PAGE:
Sudan Peace Affects All East Africa

Paul Nantulya

Paul Nantulya of Uganda and two other CRS staff are participating in a multi-state speakers tour on peacebuilding. Photo by Jim Stipe / CRS.

Sudan is so central to the region that I come from. Peace in Sudan is important for Kenya, Uganda, and to all 9 countries surrounding Sudan. My own country, Uganda, has been directly impacted since the Sudanese war began in 1955. Whenever our neighbors suffer violence and instability we feel it too.

We shouldn’t look at peace in Sudan in terms of just the north and the south. We should look it as something that impacts the whole region. When you bring peace to one country it has the ripple effect of freeing people up enough to tackle the problems in Eastern Africa. A peaceful Sudan opens up opportunities for us all in trade, education, and development.

It wasn’t until the Comprehensive Peace Agreement was signed in Sudan in 2005 that the road for peace in my country was paved. The CPA brought much needed peace to Sudan. After a half-century of warfare people set down their weapons. When a people no longer have to focus on simply surviving and constantly looking over their shoulder, they can accomplish remarkable things. Through the years many southern Sudanese sought refuge in Uganda. They were my classmates, my neighbors and my friends. They lived with us the sadness of northern Uganda. They took that with them when they returned to Sudan.

Soon after the CPA was enacted the Government of Southern Sudan was finally free enough to broker peace in other parts of Africa. At that point violence had been ravaging northern Uganda for two decades. The Lord’s Resistance Army (LRA) had spread fear and chaos throughout the region. Many other countries had tried to facilitate peace but failed.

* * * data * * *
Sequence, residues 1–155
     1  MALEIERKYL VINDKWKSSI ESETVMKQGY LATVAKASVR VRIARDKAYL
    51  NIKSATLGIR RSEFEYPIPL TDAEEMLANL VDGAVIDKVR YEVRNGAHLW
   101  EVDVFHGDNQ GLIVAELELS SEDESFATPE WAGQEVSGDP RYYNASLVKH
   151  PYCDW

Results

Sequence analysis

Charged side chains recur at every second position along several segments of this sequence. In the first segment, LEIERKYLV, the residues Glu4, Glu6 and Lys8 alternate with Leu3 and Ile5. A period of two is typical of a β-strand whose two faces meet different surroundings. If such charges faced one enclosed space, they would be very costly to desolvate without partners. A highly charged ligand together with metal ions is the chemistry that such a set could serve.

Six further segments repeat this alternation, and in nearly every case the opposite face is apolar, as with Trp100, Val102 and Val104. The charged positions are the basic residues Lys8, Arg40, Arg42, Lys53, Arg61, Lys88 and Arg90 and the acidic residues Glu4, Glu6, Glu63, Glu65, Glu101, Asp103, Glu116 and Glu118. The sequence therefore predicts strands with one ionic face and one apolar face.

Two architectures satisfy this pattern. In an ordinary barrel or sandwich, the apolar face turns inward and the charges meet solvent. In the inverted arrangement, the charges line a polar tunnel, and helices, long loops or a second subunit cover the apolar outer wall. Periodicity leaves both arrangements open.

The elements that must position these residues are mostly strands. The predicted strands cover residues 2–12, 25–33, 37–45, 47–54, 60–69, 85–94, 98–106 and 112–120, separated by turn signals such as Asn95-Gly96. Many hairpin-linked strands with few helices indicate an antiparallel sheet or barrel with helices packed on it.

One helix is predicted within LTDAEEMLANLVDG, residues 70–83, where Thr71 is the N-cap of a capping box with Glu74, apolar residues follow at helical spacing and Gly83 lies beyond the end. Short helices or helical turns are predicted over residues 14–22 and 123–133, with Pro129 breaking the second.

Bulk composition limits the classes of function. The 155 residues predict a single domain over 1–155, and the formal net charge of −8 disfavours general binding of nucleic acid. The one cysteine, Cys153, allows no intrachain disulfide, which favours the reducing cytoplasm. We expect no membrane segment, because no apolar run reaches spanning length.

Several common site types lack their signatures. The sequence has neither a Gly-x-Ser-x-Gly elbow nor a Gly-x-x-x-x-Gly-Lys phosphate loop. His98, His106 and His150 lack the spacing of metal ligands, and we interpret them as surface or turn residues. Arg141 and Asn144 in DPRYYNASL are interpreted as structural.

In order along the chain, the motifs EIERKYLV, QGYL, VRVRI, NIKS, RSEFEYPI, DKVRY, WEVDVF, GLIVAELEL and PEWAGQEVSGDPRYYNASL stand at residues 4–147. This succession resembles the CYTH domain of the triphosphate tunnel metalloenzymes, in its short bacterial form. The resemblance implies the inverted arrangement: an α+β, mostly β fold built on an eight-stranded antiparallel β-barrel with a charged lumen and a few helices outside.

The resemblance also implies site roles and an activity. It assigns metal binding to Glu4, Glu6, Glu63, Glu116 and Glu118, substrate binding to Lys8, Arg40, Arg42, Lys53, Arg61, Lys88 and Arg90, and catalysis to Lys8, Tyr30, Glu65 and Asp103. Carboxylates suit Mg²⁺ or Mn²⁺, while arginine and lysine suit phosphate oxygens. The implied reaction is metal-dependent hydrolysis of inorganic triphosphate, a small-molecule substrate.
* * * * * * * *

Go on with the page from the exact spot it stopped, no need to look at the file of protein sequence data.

The Government of Southern Sudan made peace in Uganda their top diplomatic priority. They hosted the negotiation process and helped put an end to a civil war that had taken hundreds of thousands of lives. After 20 years, peace came to my country. Without the CPA northern Uganda would still be on fire. It is very sad to see that Southern Sudan is now suffering the brunt of LRA attacks. But with determination even this can be addressed and indeed the churches from Sudan and the region are making efforts as we speak.

I went to northern Uganda last year. Whereas before you couldn’t visit without a military escort, these days everywhere you look you see the peace. Life is returning to the region—hotels are being built and camps for the internally displaced are being dissolved. It’s incredible. People need to understand that peace in Sudan will impact us all.

Paul Nantulya is a CRS regional technical advisor for Sudan Peacebuilding. He is based out of Nairobi, Kenya.

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